Menu Close

Tom Vaughan-Lawlor is going back to his criminal roots for ‘Howie the Rookie’, but this solo show is a world away from Nidge and his crew in ‘Love/Hate’

Read Sara Keating’s feature with Tom Vaughan-Lawlor from The Irish Times here.

Tom Vaughan Lawlor: From criminal kingpin to a rookie on his own


Tom Vaughan-Lawlor is going back to his criminal roots for ‘Howie the Rookie’, but this solo show is a world away from Nidge and his crew in ‘Love/Hate’

Actor Tom Vaughan Lawlor. Photograph: Eric Luke

Actor Tom Vaughan Lawlor. Photograph: Eric Luke

Despite the intensity of his performances on stage and screen, Tom Vaughan-Lawlor doesn’t submit to self-mythologisation. He made his first appearance on the professional stage when he was eight, playing The Boy in the Gate Theatre’s seminal production of Waiting for Godot in 1987. It was an exhilarating, if terrifying, experience. “I had to walk off the stage backwards, and I was afraid I’d knock the flats down, but mostly I was really afraid of getting my ‘yes sirs’ and ‘no sirs’ mixed up. There were a lot of them and if I did – ‘Is Mr Godot coming?’ ‘No, sir’ – the play would basically be over.”While his early initiation would be an easy way of attributing a sense of destiny to his career, Vaughan-Lawlor was not easily seduced by the glamour and greasepaint of the stage. He was “literally brought up in theatre”. His father, the actor Tom Lawlor, “would be working at the Abbey and there would be no babysitter, so me and my sisters would be brought along and left sitting in the wings. I remember, my dad was in ‘the Scottish play’ and me and my sisters sat there eating sweets, watching him having his throat cut every night for weeks. We would meet his friends on the street and they would say, ‘Oh, are you going to be an actor?’ And I would think, no way.”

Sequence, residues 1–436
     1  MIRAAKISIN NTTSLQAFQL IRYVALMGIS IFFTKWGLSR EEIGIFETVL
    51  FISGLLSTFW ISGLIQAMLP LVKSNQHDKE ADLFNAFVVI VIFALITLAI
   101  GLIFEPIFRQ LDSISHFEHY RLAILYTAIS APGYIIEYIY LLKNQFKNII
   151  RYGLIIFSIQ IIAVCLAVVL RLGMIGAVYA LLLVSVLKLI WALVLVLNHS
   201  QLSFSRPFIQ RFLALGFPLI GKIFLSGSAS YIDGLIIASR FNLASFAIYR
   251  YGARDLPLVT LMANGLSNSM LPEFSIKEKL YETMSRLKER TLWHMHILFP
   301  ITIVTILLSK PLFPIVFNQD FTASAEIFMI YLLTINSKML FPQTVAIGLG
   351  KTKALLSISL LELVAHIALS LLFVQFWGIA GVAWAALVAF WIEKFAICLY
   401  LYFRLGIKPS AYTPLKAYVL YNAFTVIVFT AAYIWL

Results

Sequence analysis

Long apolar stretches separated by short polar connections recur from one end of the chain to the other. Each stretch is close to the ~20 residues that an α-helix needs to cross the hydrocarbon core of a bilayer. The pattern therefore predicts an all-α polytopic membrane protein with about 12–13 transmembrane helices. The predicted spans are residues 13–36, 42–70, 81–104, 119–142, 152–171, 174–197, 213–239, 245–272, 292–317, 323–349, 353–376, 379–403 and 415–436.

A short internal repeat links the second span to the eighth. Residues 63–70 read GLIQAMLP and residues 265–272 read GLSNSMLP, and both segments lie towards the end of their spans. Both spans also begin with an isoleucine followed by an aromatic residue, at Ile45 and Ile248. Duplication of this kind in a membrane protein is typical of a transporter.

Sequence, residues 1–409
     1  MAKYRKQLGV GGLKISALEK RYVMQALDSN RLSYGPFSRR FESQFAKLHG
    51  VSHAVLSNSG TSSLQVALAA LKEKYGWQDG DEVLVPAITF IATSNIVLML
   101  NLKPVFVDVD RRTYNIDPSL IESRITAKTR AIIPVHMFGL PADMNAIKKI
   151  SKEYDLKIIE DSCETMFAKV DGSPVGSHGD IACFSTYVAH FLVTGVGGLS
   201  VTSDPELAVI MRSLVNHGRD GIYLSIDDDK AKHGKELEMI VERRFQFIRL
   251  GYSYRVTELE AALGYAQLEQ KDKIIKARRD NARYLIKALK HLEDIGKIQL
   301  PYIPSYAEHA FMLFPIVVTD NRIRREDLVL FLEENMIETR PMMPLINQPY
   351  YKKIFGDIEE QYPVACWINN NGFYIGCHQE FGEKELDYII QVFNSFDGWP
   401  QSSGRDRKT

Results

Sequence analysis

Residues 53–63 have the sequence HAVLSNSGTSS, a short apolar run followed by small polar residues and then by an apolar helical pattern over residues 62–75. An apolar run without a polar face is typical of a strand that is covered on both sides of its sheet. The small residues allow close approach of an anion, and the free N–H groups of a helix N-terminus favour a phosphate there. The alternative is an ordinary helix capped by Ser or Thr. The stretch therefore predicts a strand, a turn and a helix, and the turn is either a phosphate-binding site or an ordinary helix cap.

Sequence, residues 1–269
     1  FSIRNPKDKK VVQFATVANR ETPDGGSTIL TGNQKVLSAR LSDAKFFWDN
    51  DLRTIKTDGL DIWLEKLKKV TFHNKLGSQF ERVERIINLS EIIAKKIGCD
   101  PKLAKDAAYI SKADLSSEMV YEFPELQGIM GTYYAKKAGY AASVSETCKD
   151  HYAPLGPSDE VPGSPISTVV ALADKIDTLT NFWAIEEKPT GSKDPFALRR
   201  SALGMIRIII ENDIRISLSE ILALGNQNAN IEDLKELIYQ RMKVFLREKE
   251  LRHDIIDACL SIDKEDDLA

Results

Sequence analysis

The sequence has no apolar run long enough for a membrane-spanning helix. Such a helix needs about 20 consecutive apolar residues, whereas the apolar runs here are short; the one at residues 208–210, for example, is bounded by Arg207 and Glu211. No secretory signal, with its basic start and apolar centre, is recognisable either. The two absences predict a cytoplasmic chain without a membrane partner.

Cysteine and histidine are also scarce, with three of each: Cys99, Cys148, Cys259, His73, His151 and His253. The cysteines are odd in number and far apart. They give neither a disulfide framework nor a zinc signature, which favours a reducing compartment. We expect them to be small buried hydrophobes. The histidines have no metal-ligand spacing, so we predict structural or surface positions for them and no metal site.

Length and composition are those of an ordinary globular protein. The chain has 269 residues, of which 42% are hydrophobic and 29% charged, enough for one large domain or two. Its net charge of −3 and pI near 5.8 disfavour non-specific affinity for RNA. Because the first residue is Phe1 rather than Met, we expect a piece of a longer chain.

“Growing up in-house with an actor,” he continues, “you see how hard a life it is: the insecurity, the neediness, the vulnerability. I didn’t want any of that. People who aren’t in the industry understand to a degree. But it’s only now that I really see that all these things never go away, no matter how much you work. No matter how good things are, you’ll always be bound up by an anxiety about what’s coming next.”